by Casey Costello

Local government has more influence on the direction of New Zealand’s democracy than you might imagine, as a large proportion of the anti-democratic policies and co-governance pushed on voters comes from councils elected by minorities of the electorate.

While Parliament sets the primary legislation, councils still govern much of our lives and are increasingly handing the essential functions they perform on behalf of their ratepayers over to undemocratic co-governance.

With turnout so low for most councils this year, your vote could make all the difference. Postal voting is closed, but you can still vote at council buildings and libraries

Voting closes at midday Tomorrow

Complacency and apathy are a greater risk to our democracy than the current Government’s agenda to change our democracy by stealth.

Your participation in this election will demonstrate that there is still accountability at the ballot box for those who have failed to represent the best interests of their communities.

This is the time when elected representatives are answerable for their actions and when the motives and agenda of candidates can be scrutinised.

Don’t let complacency leave us with local government representatives that are prepared to divide communities.

Trying to determine who will prevent separatism and will support differentiation of rights based upon race is not easy to expose, but there are sources of information available.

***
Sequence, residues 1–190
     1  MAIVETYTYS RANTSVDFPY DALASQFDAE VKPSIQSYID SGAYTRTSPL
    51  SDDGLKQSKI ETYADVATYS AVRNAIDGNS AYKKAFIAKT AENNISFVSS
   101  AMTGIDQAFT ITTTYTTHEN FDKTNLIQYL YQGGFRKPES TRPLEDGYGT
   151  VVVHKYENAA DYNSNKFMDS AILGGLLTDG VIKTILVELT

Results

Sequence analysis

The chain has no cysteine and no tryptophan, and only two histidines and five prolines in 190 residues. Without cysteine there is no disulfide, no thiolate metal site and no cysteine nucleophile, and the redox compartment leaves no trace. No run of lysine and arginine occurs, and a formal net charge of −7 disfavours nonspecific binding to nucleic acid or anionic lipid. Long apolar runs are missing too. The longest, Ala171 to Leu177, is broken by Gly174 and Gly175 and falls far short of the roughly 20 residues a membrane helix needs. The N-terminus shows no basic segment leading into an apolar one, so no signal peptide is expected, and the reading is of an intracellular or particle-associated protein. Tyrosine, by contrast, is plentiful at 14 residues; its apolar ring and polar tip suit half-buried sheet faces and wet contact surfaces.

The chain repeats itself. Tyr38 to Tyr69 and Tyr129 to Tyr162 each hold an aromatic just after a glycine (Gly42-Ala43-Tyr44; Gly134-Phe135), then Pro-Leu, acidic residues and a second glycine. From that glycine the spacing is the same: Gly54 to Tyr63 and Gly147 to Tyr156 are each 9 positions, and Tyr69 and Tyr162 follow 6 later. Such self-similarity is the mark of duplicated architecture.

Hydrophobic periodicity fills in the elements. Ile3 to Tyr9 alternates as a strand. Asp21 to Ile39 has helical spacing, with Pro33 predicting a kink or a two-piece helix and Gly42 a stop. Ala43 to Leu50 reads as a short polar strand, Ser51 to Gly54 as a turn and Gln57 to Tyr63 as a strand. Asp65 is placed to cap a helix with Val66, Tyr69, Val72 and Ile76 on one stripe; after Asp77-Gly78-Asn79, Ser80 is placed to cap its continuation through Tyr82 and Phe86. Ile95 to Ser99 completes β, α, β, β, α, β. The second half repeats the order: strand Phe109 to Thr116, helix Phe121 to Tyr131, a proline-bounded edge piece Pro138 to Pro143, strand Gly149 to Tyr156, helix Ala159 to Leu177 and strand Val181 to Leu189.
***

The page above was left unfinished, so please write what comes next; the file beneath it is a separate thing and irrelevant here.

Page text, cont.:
As a starting point, those standing on a Labour ticket [or are Labour endorsed —Eds] are obliged to “faithfully observe the Constitution and Policy of the Party”. This is explained in more detail in an article by Chirs Milne, himself a city councillor, which you can read here.

On this basis, Labour ticket candidates are obliged to prioritise the agenda of the Party above the interests of the community that elects them.

As a guide, the Taxpayers’ Union has produced a How to Vote website which, when looking at the candidates in your area, shows how candidates responded to their survey. Two of the questions are on Three Waters and who should decide whether a council has separate Maori wards.

>>> Click here to find out where candidates stand <<<

This is at least an indication of the candidate’s position on key issues. Those candidates who did not respond to the question have not been listed on the site.

These elections will be a pre-cursor to next year’s general election. Ensuring that those who have sought to divide or communities by race are held accountable at the ballot box has never been more important.